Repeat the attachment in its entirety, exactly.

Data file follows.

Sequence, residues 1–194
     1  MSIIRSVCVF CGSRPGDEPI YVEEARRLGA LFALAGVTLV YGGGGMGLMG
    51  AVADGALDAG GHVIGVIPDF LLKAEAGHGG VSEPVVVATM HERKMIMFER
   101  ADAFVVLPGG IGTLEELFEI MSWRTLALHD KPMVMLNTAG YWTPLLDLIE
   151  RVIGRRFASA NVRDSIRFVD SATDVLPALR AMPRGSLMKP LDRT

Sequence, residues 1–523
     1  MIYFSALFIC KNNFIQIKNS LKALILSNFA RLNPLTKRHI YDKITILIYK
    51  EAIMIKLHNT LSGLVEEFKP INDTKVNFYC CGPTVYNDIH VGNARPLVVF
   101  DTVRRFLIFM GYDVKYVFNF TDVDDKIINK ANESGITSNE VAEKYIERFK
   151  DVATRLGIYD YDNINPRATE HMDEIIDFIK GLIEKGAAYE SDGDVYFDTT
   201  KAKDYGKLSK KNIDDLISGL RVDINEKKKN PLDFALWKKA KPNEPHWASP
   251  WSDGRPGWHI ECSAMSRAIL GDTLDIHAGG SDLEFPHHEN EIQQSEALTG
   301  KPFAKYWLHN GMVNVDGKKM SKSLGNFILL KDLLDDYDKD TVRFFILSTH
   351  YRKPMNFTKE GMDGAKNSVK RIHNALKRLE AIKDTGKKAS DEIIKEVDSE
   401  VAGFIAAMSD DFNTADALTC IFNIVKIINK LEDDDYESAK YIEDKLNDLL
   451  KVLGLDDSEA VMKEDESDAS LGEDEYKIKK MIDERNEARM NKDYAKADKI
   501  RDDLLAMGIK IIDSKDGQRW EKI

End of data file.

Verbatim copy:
Sequence, residues 1–194
     1  MSIIRSVCVF CGSRPGDEPI YVEEARRLGA LFALAGVTLV YGGGGMGLMG
    51  AVADGALDAG GHVIGVIPDF LLKAEAGHGG VSEPVVVATM HERKMIMFER
   101  ADAFVVLPGG IGTLEELFEI MSWRTLALHD KPMVMLNTAG YWTPLLDLIE
   151  RVIGRRFASA NVRDSIRFVD SATDVLPALR AMPRGSLMKP LDRT

Sequence, residues 1–523
     1  MIYFSALFIC KNNFIQIKNS LKALILSNFA RLNPLTKRHI YDKITILIYK
    51  EAIMIKLHNT LSGLVEEFKP INDTKVNFYC CGPTVYNDIH VGNARPLVVF
   101  DTVRRFLIFM GYDVKYVFNF TDVDDKIINK ANESGITSNE VAEKYIERFK
   151  DVATRLGIYD YDNINPRATE HMDEIIDFIK GLIEKGAAYE SDGDVYFDTT
   201  KAKDYGKLSK KNIDDLISGL RVDINEKKKN PLDFALWKKA KPNEPHWASP
   251  WSDGRPGWHI ECSAMSRAIL GDTLDIHAGG SDLEFPHHEN EIQQSEALTG
   301  KPFAKYWLHN GMVNVDGKKM SKSLGNFILL KDLLDDYDKD TVRFFILSTH
   351  YRKPMNFTKE GMDGAKNSVK RIHNALKRLE AIKDTGKKAS DEIIKEVDSE
   401  VAGFIAAMSD DFNTADALTC IFNIVKIINK LEDDDYESAK YIEDKLNDLL
   451  KVLGLDDSEA VMKEDESDAS LGEDEYKIKK MIDERNEARM NKDYAKADKI
   501  RDDLLAMGIK IIDSKDGQRW EKI